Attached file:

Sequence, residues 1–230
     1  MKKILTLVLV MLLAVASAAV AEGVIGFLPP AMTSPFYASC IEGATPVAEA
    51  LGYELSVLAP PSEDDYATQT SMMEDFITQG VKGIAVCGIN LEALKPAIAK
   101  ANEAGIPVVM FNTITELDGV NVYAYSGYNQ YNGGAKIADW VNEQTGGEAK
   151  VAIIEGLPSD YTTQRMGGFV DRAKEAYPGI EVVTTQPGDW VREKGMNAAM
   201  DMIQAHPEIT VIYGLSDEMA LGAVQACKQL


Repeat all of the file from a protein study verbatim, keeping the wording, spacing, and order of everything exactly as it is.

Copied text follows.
Sequence, residues 1–230
     1  MKKILTLVLV MLLAVASAAV AEGVIGFLPP AMTSPFYASC IEGATPVAEA
    51  LGYELSVLAP PSEDDYATQT SMMEDFITQG VKGIAVCGIN LEALKPAIAK
   101  ANEAGIPVVM FNTITELDGV NVYAYSGYNQ YNGGAKIADW VNEQTGGEAK
   151  VAIIEGLPSD YTTQRMGGFV DRAKEAYPGI EVVTTQPGDW VREKGMNAAM
   201  DMIQAHPEIT VIYGLSDEMA LGAVQACKQL